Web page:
Ok, it’s slightly dramatic but the question that comes up almost weekly in my enrichment group, Canine Enrichment, is this,
Will allowing him to tear up boxes to get the food out just teach him to destroy everything? (In many of the enrichment activities shown in the group, food or toys are placed in boxes for the dog to find)
I must have answered this a thousand times by now (poetic exaggeration). NO it will not. Dogs are absolute masters at watching and noticing everything we do. They know when our behaviour might pay (they get a treat) or when it never pays.
If the dog sometimes (and it doesn’t have to be very often) gets a few morsels off our dinner plate when we take the dishes out to the kitchen for washing, what happens? the dog eagerly follows us to the kitchen the minute we stand up with the dirty plate in our hand. I’m sure everyone has seen this behaviour, its very common.
However, who has a dog which tries to break into the plate cupboard the minute our back is turned? almost nobody. WHY? Because dogs quite easily understand context and patterns of behaviour and all the cues we are giving off. They easily understand when we are preparing a box for them (to destroy) just as they know when we are preparing their meal. They see our pattern of behaviour, they know there’s a chance of something good, they are up and interested; they know the game is on. They don’t get the same signals at other times. They understand the context.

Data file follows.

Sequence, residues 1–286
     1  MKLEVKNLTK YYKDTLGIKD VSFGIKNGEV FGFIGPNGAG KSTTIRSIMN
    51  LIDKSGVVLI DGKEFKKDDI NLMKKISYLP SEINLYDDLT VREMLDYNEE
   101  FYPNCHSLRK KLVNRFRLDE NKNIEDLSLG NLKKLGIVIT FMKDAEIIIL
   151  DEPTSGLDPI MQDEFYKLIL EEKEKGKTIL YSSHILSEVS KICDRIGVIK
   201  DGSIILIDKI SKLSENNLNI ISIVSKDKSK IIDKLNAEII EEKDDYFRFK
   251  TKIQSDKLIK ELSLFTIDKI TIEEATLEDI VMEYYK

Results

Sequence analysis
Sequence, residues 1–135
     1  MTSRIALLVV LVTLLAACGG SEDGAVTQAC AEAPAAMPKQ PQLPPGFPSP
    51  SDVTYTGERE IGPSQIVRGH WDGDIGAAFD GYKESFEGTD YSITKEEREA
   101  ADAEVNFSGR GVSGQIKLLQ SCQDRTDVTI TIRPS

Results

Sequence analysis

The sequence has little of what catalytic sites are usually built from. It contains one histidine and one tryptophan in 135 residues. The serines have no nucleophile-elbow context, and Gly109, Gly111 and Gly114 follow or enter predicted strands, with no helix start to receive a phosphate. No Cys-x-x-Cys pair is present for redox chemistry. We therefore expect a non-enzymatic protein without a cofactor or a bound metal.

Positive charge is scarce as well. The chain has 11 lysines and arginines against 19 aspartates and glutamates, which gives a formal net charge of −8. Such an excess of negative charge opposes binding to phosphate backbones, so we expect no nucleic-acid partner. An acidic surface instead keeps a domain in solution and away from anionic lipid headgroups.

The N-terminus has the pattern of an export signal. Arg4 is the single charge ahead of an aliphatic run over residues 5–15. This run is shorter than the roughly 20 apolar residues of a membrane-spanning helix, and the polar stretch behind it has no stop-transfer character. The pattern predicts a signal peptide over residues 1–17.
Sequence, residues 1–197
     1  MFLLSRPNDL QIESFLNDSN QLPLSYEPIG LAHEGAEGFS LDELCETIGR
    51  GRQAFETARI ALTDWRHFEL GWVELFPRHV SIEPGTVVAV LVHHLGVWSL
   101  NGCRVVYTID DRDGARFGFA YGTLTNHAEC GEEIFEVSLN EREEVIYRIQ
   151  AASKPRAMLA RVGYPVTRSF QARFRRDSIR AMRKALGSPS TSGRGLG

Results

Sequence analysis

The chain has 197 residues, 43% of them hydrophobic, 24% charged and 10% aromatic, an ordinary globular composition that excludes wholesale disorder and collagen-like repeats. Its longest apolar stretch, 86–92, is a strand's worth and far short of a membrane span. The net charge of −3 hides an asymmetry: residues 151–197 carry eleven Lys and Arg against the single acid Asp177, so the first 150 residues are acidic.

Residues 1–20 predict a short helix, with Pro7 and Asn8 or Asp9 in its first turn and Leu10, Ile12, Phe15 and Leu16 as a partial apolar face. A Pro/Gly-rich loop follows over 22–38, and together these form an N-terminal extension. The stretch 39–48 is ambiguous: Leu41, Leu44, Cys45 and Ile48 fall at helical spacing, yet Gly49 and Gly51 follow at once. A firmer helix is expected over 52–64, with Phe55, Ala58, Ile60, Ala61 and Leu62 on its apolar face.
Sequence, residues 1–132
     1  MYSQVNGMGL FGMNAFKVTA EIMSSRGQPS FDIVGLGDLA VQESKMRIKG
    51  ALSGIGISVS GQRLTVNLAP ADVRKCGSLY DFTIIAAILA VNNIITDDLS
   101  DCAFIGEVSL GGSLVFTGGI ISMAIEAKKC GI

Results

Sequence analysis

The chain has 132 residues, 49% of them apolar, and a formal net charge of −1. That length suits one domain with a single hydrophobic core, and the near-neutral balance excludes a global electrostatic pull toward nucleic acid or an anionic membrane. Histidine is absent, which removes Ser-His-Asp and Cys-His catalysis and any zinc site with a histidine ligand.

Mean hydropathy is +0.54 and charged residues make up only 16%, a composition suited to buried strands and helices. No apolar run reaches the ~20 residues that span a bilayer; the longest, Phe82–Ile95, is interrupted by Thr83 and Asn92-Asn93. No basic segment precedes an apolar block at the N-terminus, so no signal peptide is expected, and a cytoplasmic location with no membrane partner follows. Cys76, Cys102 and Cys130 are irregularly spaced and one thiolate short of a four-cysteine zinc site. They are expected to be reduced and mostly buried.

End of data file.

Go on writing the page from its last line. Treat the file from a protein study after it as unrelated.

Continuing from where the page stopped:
In many years of giving my dogs cardboard boxes to destroy, never have they attempted to access a box not meant for them. This of course doesn’t mean that a dog will not destroy things which you wanted to keep. It means only that using boxes in enrichment is not teaching them to destroy all boxes, just as letting them walk into your house isn’t teaching them to walk into all houses.
I also remove the box once the food or toy has been found. The game is to find the items in the box, the game is not the destruction of the box. This allows a clear focus and objective rather than the general destruction of boxes for no reason. Of course though, it is prudent to keep valuables (or boxes you want to keep) out of the dogs reach so that accidents can’t happen.
As with everything in life, there are some risk factors to consider; are there any toxins on the box? will the dog eat bits of box? is the glue safe? You should also supervise at all times.
So, will enrichment turn him into a destruction monster? NO.
Now that’s it, I’m never answering that question again 🙂
Shay Kelly is the author of Dog training and behavor: a guide for everyone and Canine Enrichment: the book your dog needs you to read
3 thoughts on “Will Enrichment turn him into a Destruction Monster?”
So, I am a new trainer. I have been mentoring under a service dog trainer but am wondering about some of her thoughts, methods – or, maybe she is correct as service dogs do need to maintain higher standards than the average pet? Service dogs in training are not allowed to use any training method in which food is delivered on to the floor, and they are not allowed to use any food dispensing strategy that involves tearing boxes, household items as it will teach them to grab items off of the floor and destroy items throughout the house. Your thoughts? Thank you so much for all you do…am enjoying your wealth of knowledge.
My thoughts are the same as for the scatter feeding blog I recently did https://shaysdogblog.com/2019/04/12/scatter-feeding-are-you-killing-your-dog/ I think the idea that it will cause problems is somewhat missguided.